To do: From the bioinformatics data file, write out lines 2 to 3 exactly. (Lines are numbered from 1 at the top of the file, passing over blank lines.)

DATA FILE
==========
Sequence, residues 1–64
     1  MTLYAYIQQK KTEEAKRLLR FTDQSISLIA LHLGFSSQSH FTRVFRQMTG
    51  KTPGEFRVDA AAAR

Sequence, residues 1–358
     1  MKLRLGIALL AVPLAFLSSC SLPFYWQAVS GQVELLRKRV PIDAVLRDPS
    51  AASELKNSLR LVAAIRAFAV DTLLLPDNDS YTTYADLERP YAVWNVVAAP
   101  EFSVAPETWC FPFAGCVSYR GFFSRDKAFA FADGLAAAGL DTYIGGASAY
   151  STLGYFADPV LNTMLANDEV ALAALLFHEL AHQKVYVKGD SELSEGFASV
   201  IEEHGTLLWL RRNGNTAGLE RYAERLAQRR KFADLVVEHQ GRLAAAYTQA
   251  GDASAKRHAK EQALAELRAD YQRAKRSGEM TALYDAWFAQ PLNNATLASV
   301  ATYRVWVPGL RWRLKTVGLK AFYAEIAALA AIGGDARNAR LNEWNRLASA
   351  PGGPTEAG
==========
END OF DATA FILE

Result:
     1  MTLYAYIQQK KTEEAKRLLR FTDQSISLIA LHLGFSSQSH FTRVFRQMTG
    51  KTPGEFRVDA AAAR